Black Fire, Braddon

8 Dec

It’s Monday night and there’s a rumbling – but it’s difficult to tell whether it’s from stomachs belonging to me and Capital Food Journal, or from the pending great storm. We’re at Black Fire in Braddon for the first time. The mediterranean restaurant with its charcoal grill (or black fire) has been getting plenty of good publicity, both formally and by word of mouth.

We’re seated in front of some neon lights in the restaurant, the space of which is smaller than I expect. The busy kitchen takes up one end of the restaurant, and it’s not short on wait staff – and is packed by 7.30pm.

Black Fire has a very large range of ‘first’ and ‘second’ courses which are tempting – among them omnipresent pork belly, chorizo, dukkah crusted ocean trout and prawn cutlets – but we’re here for the main event: food from the fire!

The fish, black Angus, Wagyu and ‘organic farm animals’ (suckling pig, chicken breast and lamb) all come with a free side from the menu (normally $9) and condiment sauce, so while the dishes are on the more expensive side ($27-42) it seems like a good deal.

We struggle to pick between the different steaks so seek advice from our helpful waiter who can explain the difference between them all; CFJ orders the rump cap ($27) while I opt for the thicker-cut Angus tenderloin ($36).

Our meals arrive quickly and are hot, but the small size of the sides surprises me. I’m not sure a few slices of tomato with capers (or tomatina of fresh marinated tomatoes with capers, basil and oregano) is quite worth the $9 on its own, and aren’t anywhere near as juicy as they look.

Tomatina ($9)

The meat, on the other hand, is extremely tasty but at parts gristly – and CFJ has a similar experience with her portion. My tenderloin is mostly evenly cooked which is pretty impressive for a piece its size.

Angus tenderloin ($36) with tomatina and roasted garlic and rosemary sauce

Apart from my poor knife skills, you can see the gristle in this photo. It wasn’t quite this pink (the lighting has upset the pic a bit!) but it was cooked rare (as I’d ordered)

Rump cap ($27) with taroz of yellow mashed potatoes, beans and sauteed onions

While tasty neither of us is blown away. The table next to us has ordered the suckling pig and it’s dry. All of this confounds me given the rave reviews. But, we’ve saved room for dessert and the menu is particularly tempting and reasonably priced ($12-13).

On arrival we both have to check what we’ve ordered: the plates are busy, so much so that it’s like we’ve got two or three desserts on each plate (not necessarily complaining!).

Chocolate indulgence double mousse on a wild fennel and white chocolate silk, raspberries and butter toasted almond tart ($13)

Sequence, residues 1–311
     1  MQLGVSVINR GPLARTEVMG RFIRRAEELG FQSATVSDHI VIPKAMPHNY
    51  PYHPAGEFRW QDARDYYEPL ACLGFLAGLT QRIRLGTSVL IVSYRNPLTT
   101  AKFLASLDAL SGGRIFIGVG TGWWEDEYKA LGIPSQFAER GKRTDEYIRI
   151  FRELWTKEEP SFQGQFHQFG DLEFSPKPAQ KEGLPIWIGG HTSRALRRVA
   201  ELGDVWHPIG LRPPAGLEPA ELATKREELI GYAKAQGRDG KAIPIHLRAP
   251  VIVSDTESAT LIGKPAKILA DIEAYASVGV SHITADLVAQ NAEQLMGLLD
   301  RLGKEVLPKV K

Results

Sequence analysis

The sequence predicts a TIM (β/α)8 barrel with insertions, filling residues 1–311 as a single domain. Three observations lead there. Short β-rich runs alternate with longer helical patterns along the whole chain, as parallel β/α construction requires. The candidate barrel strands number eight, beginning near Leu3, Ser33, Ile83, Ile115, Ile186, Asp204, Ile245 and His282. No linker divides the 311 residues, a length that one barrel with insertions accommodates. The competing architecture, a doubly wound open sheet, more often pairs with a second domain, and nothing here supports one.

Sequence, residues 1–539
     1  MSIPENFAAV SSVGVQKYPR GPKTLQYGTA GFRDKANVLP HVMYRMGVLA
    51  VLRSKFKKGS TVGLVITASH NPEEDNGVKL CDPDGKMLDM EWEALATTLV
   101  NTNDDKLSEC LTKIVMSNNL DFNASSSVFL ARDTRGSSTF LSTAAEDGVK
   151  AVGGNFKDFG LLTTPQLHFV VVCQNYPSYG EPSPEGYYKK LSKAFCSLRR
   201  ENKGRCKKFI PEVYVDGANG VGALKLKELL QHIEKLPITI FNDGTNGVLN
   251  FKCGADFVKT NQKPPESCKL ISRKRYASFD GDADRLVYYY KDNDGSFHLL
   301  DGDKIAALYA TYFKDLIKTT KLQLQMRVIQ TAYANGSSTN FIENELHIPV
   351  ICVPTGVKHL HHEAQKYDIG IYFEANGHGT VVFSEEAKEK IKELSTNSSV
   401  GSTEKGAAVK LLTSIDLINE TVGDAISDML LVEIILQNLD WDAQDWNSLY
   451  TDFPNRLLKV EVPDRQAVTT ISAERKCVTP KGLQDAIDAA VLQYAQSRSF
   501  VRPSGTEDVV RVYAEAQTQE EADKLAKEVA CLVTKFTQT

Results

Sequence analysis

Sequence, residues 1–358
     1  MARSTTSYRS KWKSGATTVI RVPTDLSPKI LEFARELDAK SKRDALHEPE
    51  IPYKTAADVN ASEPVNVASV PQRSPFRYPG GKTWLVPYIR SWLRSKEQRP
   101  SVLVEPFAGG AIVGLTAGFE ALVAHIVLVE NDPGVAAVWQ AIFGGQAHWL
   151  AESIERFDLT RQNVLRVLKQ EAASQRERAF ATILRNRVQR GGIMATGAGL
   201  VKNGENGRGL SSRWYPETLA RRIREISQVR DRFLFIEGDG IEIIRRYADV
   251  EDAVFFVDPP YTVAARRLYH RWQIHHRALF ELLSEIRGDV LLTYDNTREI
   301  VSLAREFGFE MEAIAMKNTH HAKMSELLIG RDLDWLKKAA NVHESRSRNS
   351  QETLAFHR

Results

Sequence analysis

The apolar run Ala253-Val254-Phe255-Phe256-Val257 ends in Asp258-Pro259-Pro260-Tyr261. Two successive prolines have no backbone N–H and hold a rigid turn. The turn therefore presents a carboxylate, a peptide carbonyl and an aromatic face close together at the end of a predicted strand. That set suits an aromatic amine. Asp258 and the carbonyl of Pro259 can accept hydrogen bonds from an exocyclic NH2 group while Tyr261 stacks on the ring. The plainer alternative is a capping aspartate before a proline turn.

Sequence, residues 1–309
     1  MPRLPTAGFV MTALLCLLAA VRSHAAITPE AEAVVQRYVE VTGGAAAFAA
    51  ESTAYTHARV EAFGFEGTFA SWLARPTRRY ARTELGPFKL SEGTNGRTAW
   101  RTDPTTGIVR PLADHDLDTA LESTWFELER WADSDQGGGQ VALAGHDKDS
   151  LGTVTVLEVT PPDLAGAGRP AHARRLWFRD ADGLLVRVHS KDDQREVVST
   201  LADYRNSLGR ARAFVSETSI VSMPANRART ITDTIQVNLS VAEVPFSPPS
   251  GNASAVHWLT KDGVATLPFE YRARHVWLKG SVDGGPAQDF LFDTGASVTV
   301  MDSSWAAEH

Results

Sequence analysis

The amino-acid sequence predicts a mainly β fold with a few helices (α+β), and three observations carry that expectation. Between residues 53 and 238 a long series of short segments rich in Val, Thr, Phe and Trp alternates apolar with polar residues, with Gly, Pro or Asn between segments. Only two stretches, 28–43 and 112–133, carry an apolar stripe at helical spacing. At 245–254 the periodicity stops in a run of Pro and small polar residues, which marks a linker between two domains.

Closer look

Both my dessert and CFJ’s banana cake and dulce de leche with pomegranate maple syrup and poached pear come with chocolate lattice flakes and are swimming in beds of flavour. The mousse indulgence in my dessert is more an icecream covered in chocolate, and basically separate to it – competing with it – is the unmatched butter almond tart. Both elements taste great but the combination (if you can call it that) doesn’t work.

Despite the many waiters that pass us we struggle to get anyone’s attention to take our money after getting the bill, and take it to the counter.

The experience bemuses me more than anything – it’s not quite the hyped experience we’ve been told about. In recounting our experience in the days since, most people can’t believe me (Boyfriend included – and he is a harsh critic!). I think I’ll have to go back for another round.

Date: Monday, 1 December 2014

Where: Mort Street, Braddon

Cost: $36 + $27 + $13 + $13 + two glasses of wine (about $11 each)

Value for money: Medium

Worthwhile factor: Remains to be seen. It was a pleasant enough experience but without the continuing hype I’m not sure I’d rush to return.

Want more? Black Fire has a very comprehensive website here.

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2 Responses to “Black Fire, Braddon”

  1. sak December 9, 2014 at 11:41 am #

    This was my experience at Black Fire too! The meat was nowhere near what we expected (dry, small, taste was just okay?) and while the sides we ordered were fine, we didn’t feel it was value for money. Service was well-meaning but missed the mark. Would be nice to go back again and see if they were just having an off night…

  2. John December 13, 2014 at 8:16 pm #

    Over-rated, but why not, give this rip-off restaurant another chance, maybe things will magically change and you’ll find it the best in Canberra…*cough*.

    “Value for money = medium”….LOL!

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